The second advantage of controversial marketing is that it gives birth to discussion, debate, and a buzz around your brand.

What happens when people get to talking about your brand or product? It generates conversations and naturally evokes emotions. Although it’s a high-risk tactic, controversial marketing almost guarantees you more than the attention you are looking for — even if it isn’t all the right attention.


Marketing is the backbone of brands that can make or break a brand and has a primary purpose to stir up audience emotions enough for them to act — make that purchase, register for that thing, donate there. However, the basic purpose behind controversial marketing is to create chaos. This may include:

– Challenging the law and traditions
– Using vulgar or sexual content to draw attention to social codes or the like
– Promoting ideas that might be unconventional or unpopular

The list truly goes on. Let’s take a look at some brands that benefitted by implementing controversial marketing into their campaigns.

Loved widely for its fried chicken, KFC received a backlash over its campaign in China in 1980. KFC was opening its outlet worldwide, and perhaps their marketing research or copywriting team was too naive; they didn’t focus on the iconic slogan “it’s finger-licking good,” which translated to “good to eat your fingers off.”

This slogan was rendered as an indication of cannibalism, shame, and a sick message from a food chain. Unbeknownst to the brand’s meaning and language barrier, KFC jumped in, accepted its mistake, and offered amends.

And, needless to say, whether people believed KFC was promoting cannibalism or not, the company garnered a lot of attention with that advertisement.

In 2014, this energy drink company was sued for the controversial slogan, “Red Bull gives you wings” when Beganin Caraethers (one of the regular customers) took the meaning literally and sued the company by claiming that he consumed the energy drink for over 10 years but hadn’t developed any wings or supernatural powers.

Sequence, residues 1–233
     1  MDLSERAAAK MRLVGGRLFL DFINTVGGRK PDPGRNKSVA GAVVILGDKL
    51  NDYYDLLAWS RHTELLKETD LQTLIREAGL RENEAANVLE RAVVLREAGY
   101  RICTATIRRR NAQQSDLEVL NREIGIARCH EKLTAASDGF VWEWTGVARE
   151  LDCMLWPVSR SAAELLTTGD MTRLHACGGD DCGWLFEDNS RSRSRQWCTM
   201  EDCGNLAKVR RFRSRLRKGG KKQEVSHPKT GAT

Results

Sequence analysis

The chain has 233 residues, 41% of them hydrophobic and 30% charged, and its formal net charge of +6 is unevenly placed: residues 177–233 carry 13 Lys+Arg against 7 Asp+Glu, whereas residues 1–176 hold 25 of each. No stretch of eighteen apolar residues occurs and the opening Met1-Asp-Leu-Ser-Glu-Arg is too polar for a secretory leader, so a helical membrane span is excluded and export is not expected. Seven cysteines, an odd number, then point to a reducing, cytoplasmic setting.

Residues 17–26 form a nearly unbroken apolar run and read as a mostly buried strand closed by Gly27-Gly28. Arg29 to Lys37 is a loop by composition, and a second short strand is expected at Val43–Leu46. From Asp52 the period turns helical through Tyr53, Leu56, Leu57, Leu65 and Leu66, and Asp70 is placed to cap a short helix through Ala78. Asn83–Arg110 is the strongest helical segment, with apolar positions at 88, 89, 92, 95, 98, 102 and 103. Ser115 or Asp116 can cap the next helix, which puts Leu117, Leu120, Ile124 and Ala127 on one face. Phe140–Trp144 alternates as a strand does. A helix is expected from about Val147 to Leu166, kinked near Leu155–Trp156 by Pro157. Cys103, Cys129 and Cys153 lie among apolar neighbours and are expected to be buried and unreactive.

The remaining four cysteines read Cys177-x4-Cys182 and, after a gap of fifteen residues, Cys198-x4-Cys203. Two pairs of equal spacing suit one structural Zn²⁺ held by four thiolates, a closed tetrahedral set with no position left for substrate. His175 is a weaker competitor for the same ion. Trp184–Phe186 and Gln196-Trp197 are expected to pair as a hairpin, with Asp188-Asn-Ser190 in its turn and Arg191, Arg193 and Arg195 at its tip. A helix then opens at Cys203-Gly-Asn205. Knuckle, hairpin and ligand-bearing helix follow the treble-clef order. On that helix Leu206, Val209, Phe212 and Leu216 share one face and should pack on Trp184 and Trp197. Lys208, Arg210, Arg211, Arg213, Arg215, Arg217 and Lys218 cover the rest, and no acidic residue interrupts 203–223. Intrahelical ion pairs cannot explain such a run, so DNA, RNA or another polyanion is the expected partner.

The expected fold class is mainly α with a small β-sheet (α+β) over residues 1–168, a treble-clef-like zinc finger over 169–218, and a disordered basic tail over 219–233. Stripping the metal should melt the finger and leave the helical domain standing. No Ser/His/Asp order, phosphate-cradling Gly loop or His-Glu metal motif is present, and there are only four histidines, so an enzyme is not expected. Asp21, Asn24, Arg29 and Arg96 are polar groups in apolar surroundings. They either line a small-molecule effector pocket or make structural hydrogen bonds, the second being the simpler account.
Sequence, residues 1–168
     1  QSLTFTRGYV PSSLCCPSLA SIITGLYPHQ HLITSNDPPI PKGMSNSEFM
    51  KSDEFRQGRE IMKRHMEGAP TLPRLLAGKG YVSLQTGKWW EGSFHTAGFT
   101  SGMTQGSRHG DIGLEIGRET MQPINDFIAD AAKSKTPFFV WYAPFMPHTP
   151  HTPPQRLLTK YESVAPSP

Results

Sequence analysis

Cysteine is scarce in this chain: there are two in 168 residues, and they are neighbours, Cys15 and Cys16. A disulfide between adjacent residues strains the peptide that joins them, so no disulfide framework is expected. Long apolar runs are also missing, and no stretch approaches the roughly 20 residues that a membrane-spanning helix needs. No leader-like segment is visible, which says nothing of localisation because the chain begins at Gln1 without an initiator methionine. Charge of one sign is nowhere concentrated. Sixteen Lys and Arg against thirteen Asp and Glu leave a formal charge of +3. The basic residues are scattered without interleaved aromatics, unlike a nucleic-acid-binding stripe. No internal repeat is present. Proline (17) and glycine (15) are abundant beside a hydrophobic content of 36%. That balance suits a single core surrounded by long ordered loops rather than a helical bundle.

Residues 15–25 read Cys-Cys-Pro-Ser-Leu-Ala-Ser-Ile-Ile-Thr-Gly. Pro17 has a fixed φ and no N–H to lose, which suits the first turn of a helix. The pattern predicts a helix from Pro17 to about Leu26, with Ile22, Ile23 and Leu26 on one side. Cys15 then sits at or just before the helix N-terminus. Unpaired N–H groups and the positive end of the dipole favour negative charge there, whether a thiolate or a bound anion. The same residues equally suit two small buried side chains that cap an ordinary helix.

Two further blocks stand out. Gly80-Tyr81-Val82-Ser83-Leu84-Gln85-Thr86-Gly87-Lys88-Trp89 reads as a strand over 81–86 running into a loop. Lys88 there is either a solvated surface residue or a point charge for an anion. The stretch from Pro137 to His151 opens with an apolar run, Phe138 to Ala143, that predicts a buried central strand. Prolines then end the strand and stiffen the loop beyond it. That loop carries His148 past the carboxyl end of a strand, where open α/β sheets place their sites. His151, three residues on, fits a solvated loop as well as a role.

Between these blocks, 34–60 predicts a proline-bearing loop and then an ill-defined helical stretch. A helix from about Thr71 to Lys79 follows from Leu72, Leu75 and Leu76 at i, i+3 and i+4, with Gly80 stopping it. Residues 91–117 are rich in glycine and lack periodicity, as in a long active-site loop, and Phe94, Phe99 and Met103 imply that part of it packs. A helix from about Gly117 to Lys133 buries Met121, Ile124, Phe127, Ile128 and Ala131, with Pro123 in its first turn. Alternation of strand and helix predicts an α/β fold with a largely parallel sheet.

We know that the company claimed that consumption of this carbonated drink would help the drinker have better concentration and increase reaction speed, but news of Caraethers stirred the headlines.

This controversy brought the brand to people’s notice, leading to a significant increase in revenue than expected.

In 2019, Olay came under fire for an advertisement of an eye cream that featured Twiggy, supermodel who looked like an utterly wrinkle-free, younger version of her actual self.

It was stated that the ad was digitally retouched to promote fake beauty standards and misleading impressions; it also resulted in generating revenue and bringing to notice every single lady who didn’t like her wrinkles. Interesting, to say the least.


Brands try to avoid controversies to keep themselves safe; however, we’ve seen that these controversies can have both positive and negative sides. If you’re still curious about the controversial marketing craze, here are some things you can think about:

Controversy get s people talking:
Controversial marketing is a conversation starter, be it for the right or wrong reasons. This is especially true in a modernly digitized world where everyone has access to the internet and social media platforms to voice their views. This also makes controversial content ultra-shareable, with the high chance to go viral.

Controversy can boost sales/increase revenue:
Campaigns that are met with extreme criticism generate more sales than casual ones. For instance, while Protein World’s “Are you Beach Body Ready?” campaign for their weight loss collections sparked public outrage after being accused of body shaming and sexism, it managed to report £1 million profit against the £250,000 marketing income.


We’re also not saying to go out and body shame or be sexist. But what we are saying is that controversial marketing might be for you.

If you want to try your shot at viral-induced revenue growth, establish a marketing strategy to implement some marketing that could spark conversations and make people feel a bit uncomfortable (but not too uncomfortable).

The last thing you want is to put out a message that your brand simply doesn’t support, so also make sure that the controversial topic you’re covering is an honest reflection of your brand’s overall message.